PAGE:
I first came to the Marksman back in 2016, dined upstairs and thought it was solid that review can be seen here. It feels like its got its feet firmly on the worn carpets in the pub world that a good old boozer is synonymous for. It doesn’t pretend to be anything else. Downstairs where you can dine too, you’ll get dark wood panelling, local brews on tap with padded wooden chairs and stools for lingering. You’ll have to walk up some steep steps to get to the main dining area where things are rustic like a farm house dining room, it’s minimal simplicity is a blessing. They have a selection of things that once swam or once walked the land. But what I’ve come back for are the heavenly beef and barley buns with horse radish cream. More on them in a bit.
So onto those beef and barley buns £5, they are a perfectly lacquered ball of squish accommodating slow reduced beef stew and chewy barley. Break into it and you get a puff of steam and an intense beefiness. The horse radish cream has the consistency to be quenelle’d on the side with more of the stuff grated on top. It has the nostril singeing qualities that make good friends with beef and my fat mouth. They’re so simple but so rewarding to eat, I can’t get enough of them and ordered two this time around.
Brown crab on toast £10 has the colour of freshly mixed cement but has all the distinct silky flavours you’ll find deep in the shell cavity of the crustacean. At a fiver a finger though, your wallet will know about it.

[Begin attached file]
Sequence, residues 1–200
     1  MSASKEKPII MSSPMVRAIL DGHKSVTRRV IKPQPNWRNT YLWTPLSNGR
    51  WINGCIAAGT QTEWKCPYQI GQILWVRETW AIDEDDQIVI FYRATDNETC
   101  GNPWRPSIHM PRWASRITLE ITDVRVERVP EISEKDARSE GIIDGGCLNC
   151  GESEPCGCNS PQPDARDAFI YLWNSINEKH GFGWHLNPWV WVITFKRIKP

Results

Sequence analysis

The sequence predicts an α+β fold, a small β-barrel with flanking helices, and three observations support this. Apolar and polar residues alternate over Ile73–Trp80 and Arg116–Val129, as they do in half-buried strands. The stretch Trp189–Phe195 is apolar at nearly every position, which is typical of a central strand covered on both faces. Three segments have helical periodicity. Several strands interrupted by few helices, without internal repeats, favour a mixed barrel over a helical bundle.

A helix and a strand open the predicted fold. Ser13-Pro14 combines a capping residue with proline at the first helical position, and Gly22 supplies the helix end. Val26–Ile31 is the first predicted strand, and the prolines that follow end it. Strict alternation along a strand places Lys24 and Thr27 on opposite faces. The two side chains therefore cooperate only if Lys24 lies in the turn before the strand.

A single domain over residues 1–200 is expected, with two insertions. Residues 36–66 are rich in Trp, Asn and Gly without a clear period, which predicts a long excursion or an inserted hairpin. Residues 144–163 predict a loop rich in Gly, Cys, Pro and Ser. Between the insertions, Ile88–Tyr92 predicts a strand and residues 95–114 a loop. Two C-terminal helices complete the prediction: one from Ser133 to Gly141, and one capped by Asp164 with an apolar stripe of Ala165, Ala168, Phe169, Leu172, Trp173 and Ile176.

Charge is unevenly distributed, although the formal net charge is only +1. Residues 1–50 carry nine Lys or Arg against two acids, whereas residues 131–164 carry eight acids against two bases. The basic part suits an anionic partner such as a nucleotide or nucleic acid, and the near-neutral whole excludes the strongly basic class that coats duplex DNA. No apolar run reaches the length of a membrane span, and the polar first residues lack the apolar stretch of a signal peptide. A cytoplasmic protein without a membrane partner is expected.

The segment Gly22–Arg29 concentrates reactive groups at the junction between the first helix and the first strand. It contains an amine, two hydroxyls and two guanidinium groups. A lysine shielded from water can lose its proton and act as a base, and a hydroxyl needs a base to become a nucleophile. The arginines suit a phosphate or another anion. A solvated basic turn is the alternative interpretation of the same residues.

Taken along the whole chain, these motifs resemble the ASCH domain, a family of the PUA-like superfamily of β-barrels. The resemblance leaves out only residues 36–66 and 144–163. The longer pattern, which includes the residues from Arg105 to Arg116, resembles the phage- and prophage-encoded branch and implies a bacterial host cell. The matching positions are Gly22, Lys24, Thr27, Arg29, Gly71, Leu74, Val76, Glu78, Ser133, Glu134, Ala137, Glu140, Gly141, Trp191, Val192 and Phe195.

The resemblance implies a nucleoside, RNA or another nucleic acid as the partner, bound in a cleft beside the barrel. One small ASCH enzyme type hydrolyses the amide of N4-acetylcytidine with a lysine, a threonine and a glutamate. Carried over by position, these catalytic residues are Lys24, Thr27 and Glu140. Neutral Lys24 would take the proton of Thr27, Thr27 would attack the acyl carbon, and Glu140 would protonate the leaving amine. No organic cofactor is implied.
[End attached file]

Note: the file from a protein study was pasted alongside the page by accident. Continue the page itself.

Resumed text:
Things got better with the snails £9. The deeply earthy morsels on toasted sour dough, could have been easily mistaken for wild mushrooms of some sort as they have that unmistakable earthiness. They were also crested with shards of crispy pigs skins and nestled in a pool of pulsed aromatic lovage.
Onto the mains..
Plaice with brown shrimp and sea purslane £21 was a puddle of jus and butter. It was a great piece of fish cookery, but at £21 we felt a bit short changed.
Ox tongue with tomato and horse radish £18 was a duff moment. It tasted like it was buried in a bucket of salt for decade, it had me reaching for cups of water like a thirsty Marathon runner. It was as yielding as a hard slap in the chops with a salt shaker too. We left most of it and our waitress asked no questions. I wished I ordered another beef bun to take away the taste.
Braised purple kale £4 required some serious jaw work too, and I just wanted to pretend it wasn’t there.
Sanctuary in a bowl comes in the form of their “fried potatoes” £4. It’s a classic case in point when the menu writer undersells how much precision and labour goes into making a humble potato into something so profound. Imagine sheets of the crispiest potato you’ve ever had pressed together that makes an emphatic crunch when you bite into it, it makes the trip worth it. And if that’s not enough to get you going, there is onion mayonnaise for dipping that has all the notes of sweet caramelised onion.
When did I go? Aug 2017
The damage: Expect to pay £60-65 per head with beer
The good: Cutting to the chase, if the Marksman has a USP then the beef & barley buns is it. I came back for them as they eclipsed everything else then, they did so again and the fried potatoes are not far behind.
The bad: Some nice cookery could be had here, some misses and big hits.
Would I go again? My time will come!
Address: 254 Hackney Rd, London E2 7SJ